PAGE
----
Photo: At Bleecker St., an aligned uptown 6


A southward glimpse at the new Bleecker Street platform for the uptown 6. (Photo courtesy of Todd Schechter)

As the Bleecker St. rehabilitation ambles toward a June 2012 completion, New York City Transit announced yesterday the opening of a new platform for the uptown 6. In order to provide for a connection to the IND trains at Broadway/Lafayette, the uptown platform has been extended southward by 300 feet, and the northern half of the preexisting platform has been shuttered.

Overall, this station rehab is part of three projects which include the rehabilitation of the landmarked Bleecker St. station, construction of that free transfer between the IND and uptown IRT and the installation of five elevators and a new escalator. Over the years, I’ve followed this project quite closely and have been critical of the costs and timeline. Costs have ballooned to $135 million, and when the station is ready in June, construction will have taken nearly four years. By comparison, it took just over four years to build out the IRT from City Hall to 145th St.

Either way, this is a welcome addition to what was an infuriating quirk of the New York City subway system, and in three months, the new transfer will make a ride up the 6 far more convenient for folks coming from the B, D, F and M trains in the morning.

67 Responses to “Photo: At Bleecker St., an aligned uptown 6”

  1. SEAN says:

    Well I guess you could say things no longer look Bleek for this subway connection.

  2. The Cobalt Devil says:

    The white/blue tile combo is gorgeous. Also like the way they painted the support columns to match the tile colors, like they’ve done at Astor Place and Brooklyn Bridge.

  3. JB says:

    So glad that those huge blue terra cottas signs were rehabbed too. Those are so unique and deserve every dollar.

  4. Comparisons to speed in the old days always are a bit suspect when one neglects to mention the virtual “tabula rasa” of the earlier construction site/field. Ever paint a living room when you first moved in and the room was empty? Ever paint it again (or another room) when it’s filled with stuff? The second effort — surprise! — takes longer.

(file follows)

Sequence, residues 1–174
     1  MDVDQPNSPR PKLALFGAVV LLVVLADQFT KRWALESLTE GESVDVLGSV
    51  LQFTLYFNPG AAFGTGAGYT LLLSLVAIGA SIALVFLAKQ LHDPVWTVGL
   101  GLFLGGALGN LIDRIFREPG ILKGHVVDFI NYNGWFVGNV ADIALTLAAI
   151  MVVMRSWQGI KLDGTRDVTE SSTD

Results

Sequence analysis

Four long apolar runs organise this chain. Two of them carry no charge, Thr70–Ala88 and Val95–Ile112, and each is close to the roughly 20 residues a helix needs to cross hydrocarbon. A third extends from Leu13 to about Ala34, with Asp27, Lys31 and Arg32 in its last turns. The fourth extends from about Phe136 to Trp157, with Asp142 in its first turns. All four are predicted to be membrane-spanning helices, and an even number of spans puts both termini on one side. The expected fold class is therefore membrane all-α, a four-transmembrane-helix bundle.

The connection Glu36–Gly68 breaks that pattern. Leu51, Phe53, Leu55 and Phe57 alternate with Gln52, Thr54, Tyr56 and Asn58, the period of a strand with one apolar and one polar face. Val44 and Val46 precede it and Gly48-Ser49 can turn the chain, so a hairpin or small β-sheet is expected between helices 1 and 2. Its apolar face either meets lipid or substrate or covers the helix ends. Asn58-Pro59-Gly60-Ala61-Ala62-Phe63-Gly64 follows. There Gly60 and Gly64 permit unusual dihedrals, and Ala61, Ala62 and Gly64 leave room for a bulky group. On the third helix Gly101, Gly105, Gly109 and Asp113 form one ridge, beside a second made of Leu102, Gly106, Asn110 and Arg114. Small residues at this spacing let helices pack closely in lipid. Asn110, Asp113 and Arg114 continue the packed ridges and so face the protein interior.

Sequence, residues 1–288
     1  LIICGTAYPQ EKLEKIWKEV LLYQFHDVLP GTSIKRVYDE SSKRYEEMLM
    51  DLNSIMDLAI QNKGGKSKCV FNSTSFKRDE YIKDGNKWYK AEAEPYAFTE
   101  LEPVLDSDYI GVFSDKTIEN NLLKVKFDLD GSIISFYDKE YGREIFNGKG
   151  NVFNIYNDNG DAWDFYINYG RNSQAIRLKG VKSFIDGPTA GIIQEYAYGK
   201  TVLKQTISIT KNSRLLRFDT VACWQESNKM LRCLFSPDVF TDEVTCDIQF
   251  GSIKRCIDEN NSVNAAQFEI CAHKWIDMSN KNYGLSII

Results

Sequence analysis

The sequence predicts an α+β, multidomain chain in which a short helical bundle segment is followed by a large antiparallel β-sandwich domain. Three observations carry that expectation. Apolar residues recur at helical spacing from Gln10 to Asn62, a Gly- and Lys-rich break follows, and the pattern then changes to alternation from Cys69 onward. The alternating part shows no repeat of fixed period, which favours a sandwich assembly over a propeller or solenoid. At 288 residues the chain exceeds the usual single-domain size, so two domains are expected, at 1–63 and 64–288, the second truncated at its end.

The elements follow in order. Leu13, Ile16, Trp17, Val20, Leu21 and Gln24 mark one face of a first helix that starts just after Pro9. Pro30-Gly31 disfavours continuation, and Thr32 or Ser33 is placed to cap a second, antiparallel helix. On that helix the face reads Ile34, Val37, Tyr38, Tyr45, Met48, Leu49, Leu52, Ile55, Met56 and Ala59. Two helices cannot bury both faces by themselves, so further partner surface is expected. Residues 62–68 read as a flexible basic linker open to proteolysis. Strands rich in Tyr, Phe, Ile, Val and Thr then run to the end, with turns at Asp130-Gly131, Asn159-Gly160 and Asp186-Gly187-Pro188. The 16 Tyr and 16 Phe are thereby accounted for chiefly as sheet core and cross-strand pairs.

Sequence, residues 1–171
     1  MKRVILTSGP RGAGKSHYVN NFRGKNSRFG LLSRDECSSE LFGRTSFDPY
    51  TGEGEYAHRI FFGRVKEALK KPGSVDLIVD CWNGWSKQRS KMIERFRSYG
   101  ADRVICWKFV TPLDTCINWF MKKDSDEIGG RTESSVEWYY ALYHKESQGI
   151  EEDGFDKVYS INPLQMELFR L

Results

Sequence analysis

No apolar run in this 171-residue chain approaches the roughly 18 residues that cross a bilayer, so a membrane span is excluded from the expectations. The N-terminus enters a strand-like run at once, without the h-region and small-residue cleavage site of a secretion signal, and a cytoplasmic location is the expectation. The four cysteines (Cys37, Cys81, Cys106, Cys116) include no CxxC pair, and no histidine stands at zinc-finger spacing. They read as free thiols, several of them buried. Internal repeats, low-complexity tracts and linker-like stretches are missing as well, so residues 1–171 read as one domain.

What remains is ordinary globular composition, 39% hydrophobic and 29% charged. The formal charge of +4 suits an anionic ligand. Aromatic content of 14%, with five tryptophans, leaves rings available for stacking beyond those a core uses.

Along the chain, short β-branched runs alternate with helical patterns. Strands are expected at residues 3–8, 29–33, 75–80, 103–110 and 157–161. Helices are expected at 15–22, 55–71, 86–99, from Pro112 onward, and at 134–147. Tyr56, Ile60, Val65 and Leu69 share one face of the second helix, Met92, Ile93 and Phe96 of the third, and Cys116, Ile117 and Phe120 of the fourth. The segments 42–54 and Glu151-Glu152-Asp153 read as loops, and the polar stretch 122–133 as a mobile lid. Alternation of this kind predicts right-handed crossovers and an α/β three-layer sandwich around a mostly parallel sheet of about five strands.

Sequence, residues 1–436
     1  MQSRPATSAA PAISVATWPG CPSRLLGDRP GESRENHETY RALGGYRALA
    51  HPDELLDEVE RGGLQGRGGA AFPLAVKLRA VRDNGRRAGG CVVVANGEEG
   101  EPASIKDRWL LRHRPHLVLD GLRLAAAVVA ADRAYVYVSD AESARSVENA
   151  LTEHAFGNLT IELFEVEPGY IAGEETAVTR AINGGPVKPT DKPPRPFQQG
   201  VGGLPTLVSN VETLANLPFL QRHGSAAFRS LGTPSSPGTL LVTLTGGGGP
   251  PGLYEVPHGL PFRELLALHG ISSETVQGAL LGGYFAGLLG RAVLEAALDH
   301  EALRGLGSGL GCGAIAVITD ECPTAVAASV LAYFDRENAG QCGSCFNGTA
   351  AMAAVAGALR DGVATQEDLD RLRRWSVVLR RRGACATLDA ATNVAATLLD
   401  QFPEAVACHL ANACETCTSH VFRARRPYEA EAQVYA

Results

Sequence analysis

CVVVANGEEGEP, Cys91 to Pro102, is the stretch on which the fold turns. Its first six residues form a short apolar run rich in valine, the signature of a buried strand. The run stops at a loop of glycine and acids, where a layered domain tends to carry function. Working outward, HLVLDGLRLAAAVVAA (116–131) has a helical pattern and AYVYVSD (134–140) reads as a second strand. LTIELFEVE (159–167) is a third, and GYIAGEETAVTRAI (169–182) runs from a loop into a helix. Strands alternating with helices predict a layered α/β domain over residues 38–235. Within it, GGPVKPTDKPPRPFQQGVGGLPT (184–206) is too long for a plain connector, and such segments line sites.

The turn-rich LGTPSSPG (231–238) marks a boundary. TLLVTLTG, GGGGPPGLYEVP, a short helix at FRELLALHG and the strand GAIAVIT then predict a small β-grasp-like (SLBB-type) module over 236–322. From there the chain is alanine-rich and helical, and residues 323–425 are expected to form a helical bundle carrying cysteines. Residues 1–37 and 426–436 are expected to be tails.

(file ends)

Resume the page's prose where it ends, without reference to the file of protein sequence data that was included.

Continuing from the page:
I’ll yield to Mr. Kabak, and others, concerning costs.

    • Nathanael says:

      In the Bleeker Street station case in particular, there’s also a reason the station was originally extended northwards rather than southwards. Southwards was deemed more difficult and expensive back in the early 20th century. I assume the MTA ran into all the problems which the original builders wanted to avoid back then…

  5. Ben – has the northern half of the uptown platform been closed permanently or just for renovation?

  6. John-2 says:

    It’s also been noted that, as of now, there are no station name tablets on the wall of the new part of the station. That may mean that at the point the wall was put in place, the MTA still didn’t know what the name of the station is going to be, since the current goal is to unitize the names of transfer points into a single station.

    That was easier for Jay Street-Metrotech and even Court Square, though the IND platform’s 23rd St.-Ely Ave. signs remain. It’s a little harder for the new transfer, since the IND station already has the hybrid Broadway-Lafayette name, the IRT is Bleecker Street and to put all three names on the station would be both a bit deceiving and annoying, in the same way the mile-long station names on some of the WMATA stops are.